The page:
TREASURES OF OCEANIC ART - RAINER WERNER BOCK COLLECTION WITH FISH HOOKS AT $6,000
20th March 2017 for release
TREASURES OF OCEANIC ART - RAINER WERNER BOCK COLLECTION - WITH FISH HOOKS AT $6,000
For the average fisherman the idea of paying $6,000 for a fish hook is inconceivable. Yet in a breathtaking collection of Pacific Oceanic Tribal art for sale at French auction house Aguttes on April 5th,6th and 7th there are a number of fish hooks estimated to sell at that price. They form part of the 1,100 items of the Rainer Werner Bock Collection to be sold over three days.
Rainer Werner Bock, one of the world’s leading dealers in Pre-Columbian art compiled this unique collection of Hawaiian tribal art over a period of 20 years.
Never before have so many Hawaiian objects been brought together outside of the Bishop Museum in Honolulu. The Collection includes 18th century bowls, regalia, drums, fishing equipment, necklaces in feathers or hair, spears, lances, pestles and many other fascinating objects. Some 500 items speak to us of the daily lives of the people of this archipelago of 137 islands inhabited for centuries by the Polynesian peoples, unknown to the European world until the arrival in 1778 of Captain James Cook.
As to R.W. Bock’s selection of fishing hooks, it perfectly captures the art of halieutics, with each piece having been carefully chosen for its shining, polished mother-of-pearl, which bears great significance in Oceanian fishing traditions. Were one to just consider the delicate polishing, which ensures that the nacre does not desquamate, one can already appreciate the elaborate means with which these hooks were made, and the care that Bock took in the selection and safekeeping of these precious artefacts.
Oceania comprises the civilizations that, over the centuries, developed the most brilliant mother-of-pearl techniques. Today we benefit from in-depth knowledge concerning the making of these fishing objects thanks to the numerous archeological excavations that took place throughout the 19th century, as well as to the beautiful array of shapes and materials of the hooks in the collection of Rainer Werner Bock.
Kenneth Emory, William Bonk, and Yoshito Sinoko already wrote in a volume of the Hawaiian Bernice Pauahi Bishop Museum regarding the discovery of a hook workshop in a Hawaiian fishing village in the 11th to 14th centuries AD, with illustrations of many types. As to Aguttes (Paris-Lyon-Neuilly-Deauville), the auction house will allow you to explore an astonishing assortment of Hawaiian hooks that is exceptionally well-preserved and which brings together the rarest, most singular and sought-after types.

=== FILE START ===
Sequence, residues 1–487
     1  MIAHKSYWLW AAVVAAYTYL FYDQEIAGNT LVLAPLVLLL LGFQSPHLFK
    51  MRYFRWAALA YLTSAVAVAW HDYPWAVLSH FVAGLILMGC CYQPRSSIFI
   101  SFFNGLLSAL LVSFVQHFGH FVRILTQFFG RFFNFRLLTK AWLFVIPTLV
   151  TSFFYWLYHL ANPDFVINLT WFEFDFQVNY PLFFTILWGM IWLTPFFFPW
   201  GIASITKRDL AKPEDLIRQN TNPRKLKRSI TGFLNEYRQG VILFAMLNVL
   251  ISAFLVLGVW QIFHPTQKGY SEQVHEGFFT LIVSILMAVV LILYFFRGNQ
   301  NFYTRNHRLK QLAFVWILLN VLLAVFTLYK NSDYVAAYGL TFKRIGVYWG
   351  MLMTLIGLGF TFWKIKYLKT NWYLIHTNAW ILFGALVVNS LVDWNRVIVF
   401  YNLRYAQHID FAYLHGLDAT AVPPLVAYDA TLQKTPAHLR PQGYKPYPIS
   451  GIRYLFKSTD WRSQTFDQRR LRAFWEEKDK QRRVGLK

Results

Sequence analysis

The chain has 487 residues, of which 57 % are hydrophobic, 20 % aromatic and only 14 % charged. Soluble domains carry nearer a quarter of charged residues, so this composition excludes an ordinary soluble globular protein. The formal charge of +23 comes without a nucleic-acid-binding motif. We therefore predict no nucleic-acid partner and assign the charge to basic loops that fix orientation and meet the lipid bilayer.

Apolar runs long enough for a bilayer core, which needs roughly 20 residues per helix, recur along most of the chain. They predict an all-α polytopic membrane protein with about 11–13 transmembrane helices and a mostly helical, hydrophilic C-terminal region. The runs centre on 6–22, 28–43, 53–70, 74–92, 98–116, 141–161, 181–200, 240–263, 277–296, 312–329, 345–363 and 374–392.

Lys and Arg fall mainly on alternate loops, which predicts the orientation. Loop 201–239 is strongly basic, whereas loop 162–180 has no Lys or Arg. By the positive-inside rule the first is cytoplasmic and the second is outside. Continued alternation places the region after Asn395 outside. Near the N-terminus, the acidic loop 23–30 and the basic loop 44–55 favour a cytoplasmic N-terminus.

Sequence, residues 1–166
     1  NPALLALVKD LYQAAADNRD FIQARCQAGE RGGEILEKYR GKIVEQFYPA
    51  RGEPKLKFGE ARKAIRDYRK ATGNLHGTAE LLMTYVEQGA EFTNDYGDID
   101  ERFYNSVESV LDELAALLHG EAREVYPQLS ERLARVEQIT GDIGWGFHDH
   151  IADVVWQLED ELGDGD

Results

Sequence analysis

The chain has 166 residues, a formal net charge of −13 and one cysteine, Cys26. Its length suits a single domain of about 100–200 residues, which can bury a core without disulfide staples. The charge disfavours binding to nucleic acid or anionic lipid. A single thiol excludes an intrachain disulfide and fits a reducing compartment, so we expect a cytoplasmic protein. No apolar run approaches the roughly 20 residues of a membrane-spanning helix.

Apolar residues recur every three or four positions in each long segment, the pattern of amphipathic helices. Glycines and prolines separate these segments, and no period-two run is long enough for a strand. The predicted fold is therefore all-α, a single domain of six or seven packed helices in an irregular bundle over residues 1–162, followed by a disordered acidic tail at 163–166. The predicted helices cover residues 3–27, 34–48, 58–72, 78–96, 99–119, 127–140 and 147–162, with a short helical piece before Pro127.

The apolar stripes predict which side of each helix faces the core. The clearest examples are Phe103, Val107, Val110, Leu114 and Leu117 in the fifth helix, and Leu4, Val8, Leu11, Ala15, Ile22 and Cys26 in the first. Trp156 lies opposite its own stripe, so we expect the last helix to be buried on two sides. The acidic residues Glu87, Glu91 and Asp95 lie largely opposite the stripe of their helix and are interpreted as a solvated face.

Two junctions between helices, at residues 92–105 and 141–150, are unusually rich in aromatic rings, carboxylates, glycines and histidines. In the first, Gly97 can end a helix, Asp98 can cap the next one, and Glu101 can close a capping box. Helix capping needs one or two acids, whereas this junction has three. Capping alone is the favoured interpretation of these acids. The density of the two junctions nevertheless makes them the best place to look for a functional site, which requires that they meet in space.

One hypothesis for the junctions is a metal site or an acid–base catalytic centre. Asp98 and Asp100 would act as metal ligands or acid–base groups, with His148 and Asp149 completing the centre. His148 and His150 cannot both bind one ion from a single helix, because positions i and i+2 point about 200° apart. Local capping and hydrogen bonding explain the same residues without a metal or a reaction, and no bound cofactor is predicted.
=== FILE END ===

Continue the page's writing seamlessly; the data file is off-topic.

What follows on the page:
Most hooks are made from the nacre of pearl oysters obtained with diverse tools made from materials such as coral. These were used to create the initial designs of hooks and to cut shapes, while sea-urchin acid was used for finishing and polishing (see tools presented at auction). In Hawaii, similar files were made from the basalt extracted from massive blocks of magma. Craftsmen gave a general, overall shape to the mother-of-pearl, given that they pierced the center and enlarged the hole until obtaining the precise, desired shape. As is the case with the hooks in Rainer Werner Bock’s collection, these small, refined objects are the result of laborious, delicate efforts.
The Rainer Werner Bock collection consists of more than 1,100 items including boat models, axes, fishhooks, tapa cloths, mortars, spears, darts, swords, bowls, threshers, idols, baits, canoes, paddles, pestles, ornaments, masks, drums, flasks, skulls, domestic items, and more.
The collection is a fantastic voyage from island to island, and it also represents the formidable eye of a dealer known by all and who made a difference both through his choices and involvement in the art world.
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For more information please contact Julian Roup of Bendigo Communication acting for Aguttes at firstname.lastname@example.org or call
0044 (0)7970 563958 or 0044 (0)1892 669200
Shark hook, Polynesia, 19th century Fiber, wood, $ 4 000 – 4,500
Fish hook, Tahiti Island, Polynesia : 19th century,Pearl oyster shell, Pinctada margaritifera (Linnaeus, 1758) $ 2 000 / 2 200